One thing I kind of snuck by you here -- we're using a Process Design Kit (PDK) and it's called ASAP7 -- this is not a "real"/manufacturable design kit, this is an approximation of a 7 nanometer (FinFet) PDK that's fully available in open source for collaborating on and researching in all sort of ways.


Q: Will the Bill of Materials (BoM) reflect anything specific to the PDK? E.g. will I see skywater130 specific objects in the Bill of Materials when I target sky130 as the PDK?

A: At this level we don't specialize for the underlying (PDK) target, so there will be no real change to the bill of materials targeting different process nodes, except that the delays for sky130 will be different from the delays in targeting ASAP7 -- the delays will end up producing different pipelines and different Verilog, and that could end up changing exactly what was in the "verilog" tab at the end, but you won't see a sky130-specific thing listed in the bill of materials.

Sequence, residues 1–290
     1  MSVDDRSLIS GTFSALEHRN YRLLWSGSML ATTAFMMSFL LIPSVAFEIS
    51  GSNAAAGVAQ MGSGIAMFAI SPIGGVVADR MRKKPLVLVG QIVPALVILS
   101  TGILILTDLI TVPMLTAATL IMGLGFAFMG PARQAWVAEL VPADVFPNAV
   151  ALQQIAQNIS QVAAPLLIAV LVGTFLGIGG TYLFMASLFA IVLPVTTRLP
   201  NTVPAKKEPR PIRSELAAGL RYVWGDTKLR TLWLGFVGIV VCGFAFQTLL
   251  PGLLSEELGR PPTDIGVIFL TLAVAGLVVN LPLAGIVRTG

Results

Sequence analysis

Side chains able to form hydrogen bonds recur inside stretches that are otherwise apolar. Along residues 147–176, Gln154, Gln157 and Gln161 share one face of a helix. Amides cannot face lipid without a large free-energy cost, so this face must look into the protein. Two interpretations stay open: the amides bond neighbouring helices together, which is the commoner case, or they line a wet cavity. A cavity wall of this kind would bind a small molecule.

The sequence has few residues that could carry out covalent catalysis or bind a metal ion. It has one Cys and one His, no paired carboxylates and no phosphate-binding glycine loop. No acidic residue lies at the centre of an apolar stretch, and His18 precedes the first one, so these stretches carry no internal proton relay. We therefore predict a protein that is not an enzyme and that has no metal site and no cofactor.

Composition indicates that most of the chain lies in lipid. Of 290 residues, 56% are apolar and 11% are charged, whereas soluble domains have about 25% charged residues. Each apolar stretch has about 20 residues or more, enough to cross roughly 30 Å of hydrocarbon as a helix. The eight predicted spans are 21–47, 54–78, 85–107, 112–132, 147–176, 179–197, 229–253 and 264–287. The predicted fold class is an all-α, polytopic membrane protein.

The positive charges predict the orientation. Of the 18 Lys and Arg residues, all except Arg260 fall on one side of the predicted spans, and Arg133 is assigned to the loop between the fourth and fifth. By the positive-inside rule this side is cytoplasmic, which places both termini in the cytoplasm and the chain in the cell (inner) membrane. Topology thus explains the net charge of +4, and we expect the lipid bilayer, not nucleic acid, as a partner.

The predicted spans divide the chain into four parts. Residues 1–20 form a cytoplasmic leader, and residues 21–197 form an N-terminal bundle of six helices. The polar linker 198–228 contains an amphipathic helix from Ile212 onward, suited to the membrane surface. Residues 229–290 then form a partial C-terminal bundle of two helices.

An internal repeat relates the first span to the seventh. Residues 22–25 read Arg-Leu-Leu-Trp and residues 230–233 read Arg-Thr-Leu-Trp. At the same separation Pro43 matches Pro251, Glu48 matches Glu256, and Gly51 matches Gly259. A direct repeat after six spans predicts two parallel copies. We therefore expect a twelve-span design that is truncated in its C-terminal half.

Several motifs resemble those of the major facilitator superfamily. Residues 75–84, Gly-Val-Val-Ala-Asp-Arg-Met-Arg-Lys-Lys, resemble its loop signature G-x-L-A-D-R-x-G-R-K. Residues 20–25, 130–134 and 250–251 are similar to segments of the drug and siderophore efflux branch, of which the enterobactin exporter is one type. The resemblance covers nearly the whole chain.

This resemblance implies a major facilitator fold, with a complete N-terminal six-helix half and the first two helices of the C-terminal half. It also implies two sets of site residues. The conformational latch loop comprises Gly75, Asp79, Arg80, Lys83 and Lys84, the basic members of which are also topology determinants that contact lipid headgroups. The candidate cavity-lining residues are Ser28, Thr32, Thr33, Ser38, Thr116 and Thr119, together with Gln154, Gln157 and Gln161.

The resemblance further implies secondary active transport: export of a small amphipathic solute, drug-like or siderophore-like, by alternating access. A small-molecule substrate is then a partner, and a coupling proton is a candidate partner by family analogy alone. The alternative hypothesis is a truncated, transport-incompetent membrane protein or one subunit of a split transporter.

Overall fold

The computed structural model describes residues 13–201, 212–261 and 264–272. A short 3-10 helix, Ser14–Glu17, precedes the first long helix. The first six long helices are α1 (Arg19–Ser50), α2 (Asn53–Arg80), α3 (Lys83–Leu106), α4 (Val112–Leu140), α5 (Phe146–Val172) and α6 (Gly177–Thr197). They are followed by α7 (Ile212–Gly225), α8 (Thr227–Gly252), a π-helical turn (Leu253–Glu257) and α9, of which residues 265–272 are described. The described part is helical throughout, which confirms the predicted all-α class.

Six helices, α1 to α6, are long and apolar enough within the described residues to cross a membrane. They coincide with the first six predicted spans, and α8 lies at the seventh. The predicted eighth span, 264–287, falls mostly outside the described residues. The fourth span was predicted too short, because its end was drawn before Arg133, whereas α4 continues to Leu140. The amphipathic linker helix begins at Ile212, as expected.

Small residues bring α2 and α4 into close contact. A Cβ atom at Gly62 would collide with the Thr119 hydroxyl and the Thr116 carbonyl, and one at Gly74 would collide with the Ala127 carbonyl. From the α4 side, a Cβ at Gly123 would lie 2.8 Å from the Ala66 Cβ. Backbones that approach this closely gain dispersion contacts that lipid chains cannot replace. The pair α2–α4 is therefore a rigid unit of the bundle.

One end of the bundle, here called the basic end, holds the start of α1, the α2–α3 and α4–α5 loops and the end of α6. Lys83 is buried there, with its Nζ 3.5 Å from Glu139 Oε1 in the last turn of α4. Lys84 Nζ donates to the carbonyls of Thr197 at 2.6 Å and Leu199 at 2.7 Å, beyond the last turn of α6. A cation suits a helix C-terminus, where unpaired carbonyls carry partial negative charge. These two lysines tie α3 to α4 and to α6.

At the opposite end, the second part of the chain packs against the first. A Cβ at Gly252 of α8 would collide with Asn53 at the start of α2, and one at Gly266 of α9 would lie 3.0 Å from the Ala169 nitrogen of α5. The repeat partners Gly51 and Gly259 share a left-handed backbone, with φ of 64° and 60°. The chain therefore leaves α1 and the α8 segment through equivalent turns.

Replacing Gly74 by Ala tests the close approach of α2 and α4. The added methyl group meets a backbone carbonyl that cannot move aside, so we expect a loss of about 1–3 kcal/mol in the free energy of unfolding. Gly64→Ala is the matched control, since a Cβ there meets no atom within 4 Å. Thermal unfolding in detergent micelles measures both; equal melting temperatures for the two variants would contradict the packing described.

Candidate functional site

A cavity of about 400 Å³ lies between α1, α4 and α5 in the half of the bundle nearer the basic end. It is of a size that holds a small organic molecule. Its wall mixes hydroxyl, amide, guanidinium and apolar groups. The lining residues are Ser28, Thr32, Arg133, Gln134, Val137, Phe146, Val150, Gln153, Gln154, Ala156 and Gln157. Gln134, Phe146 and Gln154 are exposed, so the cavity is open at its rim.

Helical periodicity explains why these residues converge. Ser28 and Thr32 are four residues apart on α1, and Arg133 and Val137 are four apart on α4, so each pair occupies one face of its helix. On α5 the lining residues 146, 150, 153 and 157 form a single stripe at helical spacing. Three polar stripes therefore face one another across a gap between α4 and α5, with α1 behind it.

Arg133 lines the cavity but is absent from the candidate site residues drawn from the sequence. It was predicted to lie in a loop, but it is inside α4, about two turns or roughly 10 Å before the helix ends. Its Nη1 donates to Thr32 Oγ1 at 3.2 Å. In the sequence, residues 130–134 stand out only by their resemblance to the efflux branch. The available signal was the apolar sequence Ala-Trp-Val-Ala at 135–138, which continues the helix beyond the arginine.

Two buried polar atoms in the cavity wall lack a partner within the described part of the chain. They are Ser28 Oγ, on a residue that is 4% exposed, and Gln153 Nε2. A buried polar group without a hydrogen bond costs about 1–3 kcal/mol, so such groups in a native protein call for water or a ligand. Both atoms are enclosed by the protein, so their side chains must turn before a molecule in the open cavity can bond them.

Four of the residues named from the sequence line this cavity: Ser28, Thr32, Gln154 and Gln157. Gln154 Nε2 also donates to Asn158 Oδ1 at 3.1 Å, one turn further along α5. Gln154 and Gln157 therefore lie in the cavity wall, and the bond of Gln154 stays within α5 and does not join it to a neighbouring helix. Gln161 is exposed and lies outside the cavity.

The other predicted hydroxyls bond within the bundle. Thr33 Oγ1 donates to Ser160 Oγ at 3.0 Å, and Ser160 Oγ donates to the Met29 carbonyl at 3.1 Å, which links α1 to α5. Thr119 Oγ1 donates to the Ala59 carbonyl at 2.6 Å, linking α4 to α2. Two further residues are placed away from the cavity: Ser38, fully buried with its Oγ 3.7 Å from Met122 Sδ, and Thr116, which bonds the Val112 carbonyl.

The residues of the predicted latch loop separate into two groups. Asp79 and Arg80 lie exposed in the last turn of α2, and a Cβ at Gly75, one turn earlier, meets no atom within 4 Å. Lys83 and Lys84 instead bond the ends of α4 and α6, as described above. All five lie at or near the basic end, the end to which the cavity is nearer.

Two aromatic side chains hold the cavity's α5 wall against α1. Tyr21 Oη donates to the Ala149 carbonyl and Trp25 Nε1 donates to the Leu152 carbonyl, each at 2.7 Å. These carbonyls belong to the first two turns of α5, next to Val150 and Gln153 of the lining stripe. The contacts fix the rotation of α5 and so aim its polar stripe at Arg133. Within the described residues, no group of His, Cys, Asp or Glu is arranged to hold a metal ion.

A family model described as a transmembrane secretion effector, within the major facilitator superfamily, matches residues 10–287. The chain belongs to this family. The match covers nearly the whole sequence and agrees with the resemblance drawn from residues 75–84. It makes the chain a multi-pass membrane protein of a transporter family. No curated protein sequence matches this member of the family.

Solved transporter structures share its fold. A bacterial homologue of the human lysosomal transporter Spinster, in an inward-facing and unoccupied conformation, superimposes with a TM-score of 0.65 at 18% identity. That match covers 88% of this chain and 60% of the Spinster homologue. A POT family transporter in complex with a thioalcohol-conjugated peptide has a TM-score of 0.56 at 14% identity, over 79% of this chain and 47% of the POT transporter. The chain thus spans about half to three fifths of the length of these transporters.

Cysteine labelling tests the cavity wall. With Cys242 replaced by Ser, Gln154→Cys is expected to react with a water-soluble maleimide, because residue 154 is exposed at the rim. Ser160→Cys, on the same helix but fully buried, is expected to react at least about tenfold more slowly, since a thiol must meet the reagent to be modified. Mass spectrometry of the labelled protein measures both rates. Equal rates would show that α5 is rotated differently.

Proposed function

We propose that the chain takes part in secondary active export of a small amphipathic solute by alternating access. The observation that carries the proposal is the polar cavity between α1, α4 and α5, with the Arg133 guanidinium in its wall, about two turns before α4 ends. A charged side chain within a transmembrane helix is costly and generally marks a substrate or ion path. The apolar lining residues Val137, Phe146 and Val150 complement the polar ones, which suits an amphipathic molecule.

Q: Is the assert_eq a test-only construct or can it be used like SV assertions?

A: There is a way to fail a design with an asynchronous failure, but this assert_eq is specifically for testing purposes where it can spit out a nice error message. The way that we do it inside of a function is with a construct called fail! -- this is just more evocative of the fact that the hardware can potentially fail when synthesized. That turns into something that's like a SV assertion in the resulting hardware.